World Cities: Your Guide to Living in Amsterdam

There is no city in the world quite like Amsterdam. A cosmopolitan metropolis that manages to combine 17th century architecture with an urban vibe, the capital of the Netherlands is vibrant, eclectic, and undoubtedly, the most liberal city in Europe, which is perhaps why thousands of expats move here each year.

Often referred to as the ‘City of Canals’ Amsterdam balances precariously on a latticework of waterways that make it one of the most picturesque cities in the world. The Canal Ring was listed as a UNESCO World Heritage Site in 2010, it celebrated its 400th Birthday in 2013, and it remains the backdrop for many cultural and sporting events throughout the year.

Getting Around Amsterdam

While many residents use the canal systems to navigate the city, Amsterdam’s tram network is still as popular today as it was when it was established back in 1875, and you only have to spend 5 minutes in the city to see that bicycles are still the number #1 choice of transport. It is estimated that there are over 850,000 bicycles in Amsterdam, which represents around 1.9 bicycles per household!

Due to the layout of the city, Amsterdam is not the most car-friendly destination in Europe, but there are plenty options available to residents, and you don’t need to spend a fortune getting to and from work, especially if choose to commute the healthy way…on your bike!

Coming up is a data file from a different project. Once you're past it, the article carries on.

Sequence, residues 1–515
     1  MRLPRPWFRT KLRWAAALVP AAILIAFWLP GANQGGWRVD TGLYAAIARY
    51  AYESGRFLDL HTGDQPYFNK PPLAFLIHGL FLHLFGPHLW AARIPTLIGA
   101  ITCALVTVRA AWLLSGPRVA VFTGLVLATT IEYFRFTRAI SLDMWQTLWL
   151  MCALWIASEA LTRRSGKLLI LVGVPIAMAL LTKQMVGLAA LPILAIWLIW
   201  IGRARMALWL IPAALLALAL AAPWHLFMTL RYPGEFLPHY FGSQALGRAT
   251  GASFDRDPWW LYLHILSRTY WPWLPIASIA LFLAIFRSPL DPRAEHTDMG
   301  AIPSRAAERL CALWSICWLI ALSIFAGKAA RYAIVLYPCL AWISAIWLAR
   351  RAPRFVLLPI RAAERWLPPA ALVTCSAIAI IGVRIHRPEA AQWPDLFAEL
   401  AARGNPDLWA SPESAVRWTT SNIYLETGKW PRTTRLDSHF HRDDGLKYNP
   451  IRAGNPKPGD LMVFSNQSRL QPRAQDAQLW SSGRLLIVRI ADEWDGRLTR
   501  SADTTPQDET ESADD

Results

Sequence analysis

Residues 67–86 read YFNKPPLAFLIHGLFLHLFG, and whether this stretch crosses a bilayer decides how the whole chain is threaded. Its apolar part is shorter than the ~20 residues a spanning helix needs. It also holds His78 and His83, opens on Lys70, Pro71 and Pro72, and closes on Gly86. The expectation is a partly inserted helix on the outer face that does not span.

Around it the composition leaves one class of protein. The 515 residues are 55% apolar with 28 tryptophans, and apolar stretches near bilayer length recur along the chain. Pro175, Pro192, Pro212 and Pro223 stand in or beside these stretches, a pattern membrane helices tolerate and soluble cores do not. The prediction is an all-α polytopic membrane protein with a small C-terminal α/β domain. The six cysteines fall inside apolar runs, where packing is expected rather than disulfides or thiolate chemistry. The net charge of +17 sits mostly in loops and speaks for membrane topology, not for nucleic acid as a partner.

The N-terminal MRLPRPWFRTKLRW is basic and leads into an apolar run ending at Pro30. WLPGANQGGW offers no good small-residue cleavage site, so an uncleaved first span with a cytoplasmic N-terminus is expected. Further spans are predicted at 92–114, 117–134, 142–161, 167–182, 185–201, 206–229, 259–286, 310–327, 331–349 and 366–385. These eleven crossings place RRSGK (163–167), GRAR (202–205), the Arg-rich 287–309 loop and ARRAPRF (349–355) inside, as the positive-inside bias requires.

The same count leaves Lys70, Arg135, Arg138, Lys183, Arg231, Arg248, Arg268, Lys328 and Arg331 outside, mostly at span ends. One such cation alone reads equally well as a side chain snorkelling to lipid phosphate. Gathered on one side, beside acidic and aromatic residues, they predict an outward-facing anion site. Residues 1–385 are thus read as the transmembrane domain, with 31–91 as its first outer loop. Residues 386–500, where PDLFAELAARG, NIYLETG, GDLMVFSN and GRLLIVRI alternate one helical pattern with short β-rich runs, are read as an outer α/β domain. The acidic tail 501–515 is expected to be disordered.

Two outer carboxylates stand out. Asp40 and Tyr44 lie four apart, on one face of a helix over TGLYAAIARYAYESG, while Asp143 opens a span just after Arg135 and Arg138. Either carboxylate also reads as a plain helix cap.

The public transport network in Amsterdam is first class and relatively inexpensive. The Public Transport Chip Card (OV-Chipkaart) allows you to travel freely on buses, metros, trains and trams, and most residents in Amsterdam have their own personal cards. A ‘pay as you go’ type system, you simply recharge your card at one of the many machines located throughout the city, and you can combine multiple modes of transport into one trip.

More information can be found here: GVB Public Transport

Taxis are also readily available in Amsterdam, as are Uber drivers, and so the transport possibilities are endless. If you live and work in the centre of the city, you’ll probably find that you do not need a car, but if you work on the outskirts, it may be beneficial to have your own vehicle.

History, Arts, and Museums

Museums such as the Anne Frank House, the Van Gogh Museum, the Rembrandt House Museum, and the Rijksmuseum, which was recently voted the best museum in the country, and one of the Top 10 museums in the world, are well worth a visit, and great places to learn about the history of your new home.

The history of Amsterdam stretches back some 800 years to the 13th century when it was first established as a fishing village by herring fishermen around a dam on the Amstel River. Over the years, these ‘Aemstelledammers’ became expert boat builders and beer brewers, and after being granted freedom of toll by Floris V the Count of Holland, they could operate cheaply, make a profit, and develop the iconic city that we have become to know and love today.